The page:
Agilent Technologies this week rolled out its SurePrint G3 microarray platform, which contains up to one million probes on a standard 1x3 inch glass slide — up from 244,000 probes on the last version of its chips.

Initial applications available in the G3 format are for comparative genomic hybridization and copy number variation, but Agilent has pledged that all of its array-based applications — which include gene expression, microRNA expression, methylation, chromatin immunoprecipitation, and others — will eventually be available on the higher-density chips.

Get the full story with
GenomeWeb Premium

Only $95 for the
first 90 days*

A trial upgrade to GenomeWeb Premium gives you full site access, interest-based email alerts, access to archives, and more. Never miss another important industry story.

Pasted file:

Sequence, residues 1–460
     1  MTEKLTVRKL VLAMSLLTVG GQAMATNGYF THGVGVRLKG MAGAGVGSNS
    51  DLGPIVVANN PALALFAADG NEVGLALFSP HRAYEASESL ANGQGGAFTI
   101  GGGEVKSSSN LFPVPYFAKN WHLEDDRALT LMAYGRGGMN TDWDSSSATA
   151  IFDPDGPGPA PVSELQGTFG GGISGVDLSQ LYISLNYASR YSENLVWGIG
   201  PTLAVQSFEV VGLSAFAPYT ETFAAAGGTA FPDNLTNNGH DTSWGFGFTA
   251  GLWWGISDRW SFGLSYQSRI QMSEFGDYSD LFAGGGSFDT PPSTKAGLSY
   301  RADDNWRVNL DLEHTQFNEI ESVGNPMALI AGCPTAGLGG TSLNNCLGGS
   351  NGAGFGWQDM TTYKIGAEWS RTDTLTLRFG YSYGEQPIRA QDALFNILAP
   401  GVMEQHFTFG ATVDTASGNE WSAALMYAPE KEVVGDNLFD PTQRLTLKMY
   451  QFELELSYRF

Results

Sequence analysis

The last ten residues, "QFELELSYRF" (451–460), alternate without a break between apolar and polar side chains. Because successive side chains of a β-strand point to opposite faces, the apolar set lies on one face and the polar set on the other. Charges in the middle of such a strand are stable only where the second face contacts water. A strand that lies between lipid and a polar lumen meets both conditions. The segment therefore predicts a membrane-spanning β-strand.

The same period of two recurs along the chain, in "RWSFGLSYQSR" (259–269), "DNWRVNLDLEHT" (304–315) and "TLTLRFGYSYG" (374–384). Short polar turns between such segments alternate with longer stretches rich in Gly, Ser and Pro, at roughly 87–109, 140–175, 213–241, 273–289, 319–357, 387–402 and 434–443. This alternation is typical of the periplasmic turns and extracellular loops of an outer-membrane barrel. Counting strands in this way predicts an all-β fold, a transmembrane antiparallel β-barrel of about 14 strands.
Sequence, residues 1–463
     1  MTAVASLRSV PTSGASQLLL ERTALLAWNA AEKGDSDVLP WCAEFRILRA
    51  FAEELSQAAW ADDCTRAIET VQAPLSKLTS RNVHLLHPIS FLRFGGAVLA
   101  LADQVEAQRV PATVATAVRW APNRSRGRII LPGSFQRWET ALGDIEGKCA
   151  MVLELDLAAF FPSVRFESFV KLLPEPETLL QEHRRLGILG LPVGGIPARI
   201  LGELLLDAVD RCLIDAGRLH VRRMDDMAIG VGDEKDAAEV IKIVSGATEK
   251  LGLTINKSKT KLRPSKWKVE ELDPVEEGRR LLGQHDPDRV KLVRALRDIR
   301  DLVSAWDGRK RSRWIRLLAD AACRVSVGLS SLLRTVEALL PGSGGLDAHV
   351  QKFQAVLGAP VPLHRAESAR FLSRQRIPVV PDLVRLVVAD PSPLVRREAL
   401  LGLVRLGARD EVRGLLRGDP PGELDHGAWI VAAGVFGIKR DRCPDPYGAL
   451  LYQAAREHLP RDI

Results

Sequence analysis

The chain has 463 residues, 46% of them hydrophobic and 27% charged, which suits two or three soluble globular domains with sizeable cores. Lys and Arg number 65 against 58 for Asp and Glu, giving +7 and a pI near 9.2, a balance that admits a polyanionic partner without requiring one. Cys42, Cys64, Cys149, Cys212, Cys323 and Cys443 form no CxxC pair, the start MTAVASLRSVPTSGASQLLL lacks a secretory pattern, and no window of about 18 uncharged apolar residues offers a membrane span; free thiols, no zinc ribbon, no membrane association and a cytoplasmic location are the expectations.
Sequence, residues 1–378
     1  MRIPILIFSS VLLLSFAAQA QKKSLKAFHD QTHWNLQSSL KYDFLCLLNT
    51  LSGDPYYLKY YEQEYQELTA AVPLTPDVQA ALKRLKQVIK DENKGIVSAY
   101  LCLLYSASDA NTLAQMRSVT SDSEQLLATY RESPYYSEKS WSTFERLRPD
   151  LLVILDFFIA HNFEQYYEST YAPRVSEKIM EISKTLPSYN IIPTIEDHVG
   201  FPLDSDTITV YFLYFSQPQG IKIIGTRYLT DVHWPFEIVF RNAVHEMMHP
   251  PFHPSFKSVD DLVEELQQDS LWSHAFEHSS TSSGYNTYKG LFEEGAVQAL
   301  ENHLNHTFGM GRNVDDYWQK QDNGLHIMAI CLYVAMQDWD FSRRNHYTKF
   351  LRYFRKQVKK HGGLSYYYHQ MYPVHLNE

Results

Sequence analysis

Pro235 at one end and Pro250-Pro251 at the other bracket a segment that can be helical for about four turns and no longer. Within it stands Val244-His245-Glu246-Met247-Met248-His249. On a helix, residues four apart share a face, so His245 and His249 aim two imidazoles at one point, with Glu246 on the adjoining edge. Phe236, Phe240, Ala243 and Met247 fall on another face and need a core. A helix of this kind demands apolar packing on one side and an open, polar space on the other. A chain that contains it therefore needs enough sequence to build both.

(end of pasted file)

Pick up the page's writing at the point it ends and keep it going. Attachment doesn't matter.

Try GenomeWeb Premium now.

Already a GenomeWeb Premium member? Login Now.
Or, See if your institution qualifies for premium access.

*Before your trial expires, we’ll put together a custom quote with your long-term premium options.

Not ready for premium?

Browse our free articles
You can still register for access to our free content.

In Nature this week: association between genome-wide homozygosity and traits like height and cognitive ability, improved CRISPR-Cas9 editing, and more.

A survey examines how age, political leanings, and more influence how Americans view certain scientific topics, the Associated Press reports.

A researcher who pleaded guilty to making false statements in research reports has been sentenced to four and a half years in prison and must pay $7.2 million back to the NIH.

The BabySeq project to study the risks and benefits of sequencing newborns is underway.